American Political History
We the People of the United States, in order to form a more perfect Union...
Constitution of the United States
Whilst the last members were signing it Doctr. FRANKLIN looking towards the Presidents Chair, at the back of which a rising sun happened to be painted, observed to a few members near him, that Painters had found it difficult to distinguish in their art a rising from a setting sun. I have said he, often and often in the course of the Session, and the vicisitudes of my hopes and fears as to its issue, looked at that behind the President without being able to tell whether it was rising or setting: But now at length I have the happiness to know that it is a rising and not a setting Sun.
From the Notes of James Madison at the signing of the Constitution at the Constitutional Convention on September 17, 1787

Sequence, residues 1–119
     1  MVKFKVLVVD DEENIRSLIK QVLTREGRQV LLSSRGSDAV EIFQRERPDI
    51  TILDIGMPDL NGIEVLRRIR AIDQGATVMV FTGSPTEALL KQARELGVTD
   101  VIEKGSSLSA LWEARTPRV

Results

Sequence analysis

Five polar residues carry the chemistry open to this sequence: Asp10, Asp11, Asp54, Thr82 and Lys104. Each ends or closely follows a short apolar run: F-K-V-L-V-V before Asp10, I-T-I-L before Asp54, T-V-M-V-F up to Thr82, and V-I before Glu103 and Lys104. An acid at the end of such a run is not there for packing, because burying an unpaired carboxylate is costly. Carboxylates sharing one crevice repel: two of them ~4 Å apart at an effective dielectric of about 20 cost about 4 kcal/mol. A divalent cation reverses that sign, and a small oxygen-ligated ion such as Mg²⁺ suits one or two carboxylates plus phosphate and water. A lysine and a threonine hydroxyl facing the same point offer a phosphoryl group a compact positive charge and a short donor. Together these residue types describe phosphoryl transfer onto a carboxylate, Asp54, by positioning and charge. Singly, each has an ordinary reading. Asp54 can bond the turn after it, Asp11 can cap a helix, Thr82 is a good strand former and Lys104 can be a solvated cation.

The civil and economic unrest illustrated by Shays' Rebellion in Massachusetts, which began in 1786 with attacks on courthouses by farmers protesting court foreclosures of their properties and continued in January 1787 with an attempted seizure of weapons stored in an armory, provided further support to those who had been calling for reform of the Articles of Confederation. The Articles, written in 1781, guaranteed the independence of the states and did not provide for a federal chief executive or judicial system, giving the Continental Congress little authority to deal with emergencies such as the armed revolt led by Shays or the underlying problems provoking the revolt, including skyrocketing inflation, the lack of a recognized national currency or system to manage trade between the states or foreign countries (see also James Madison, Vices of the Political System of the United States, The Papers of James Madison. Edited by William T. Hutchinson et al. Chicago and London: University of Chicago Press, 1962--77).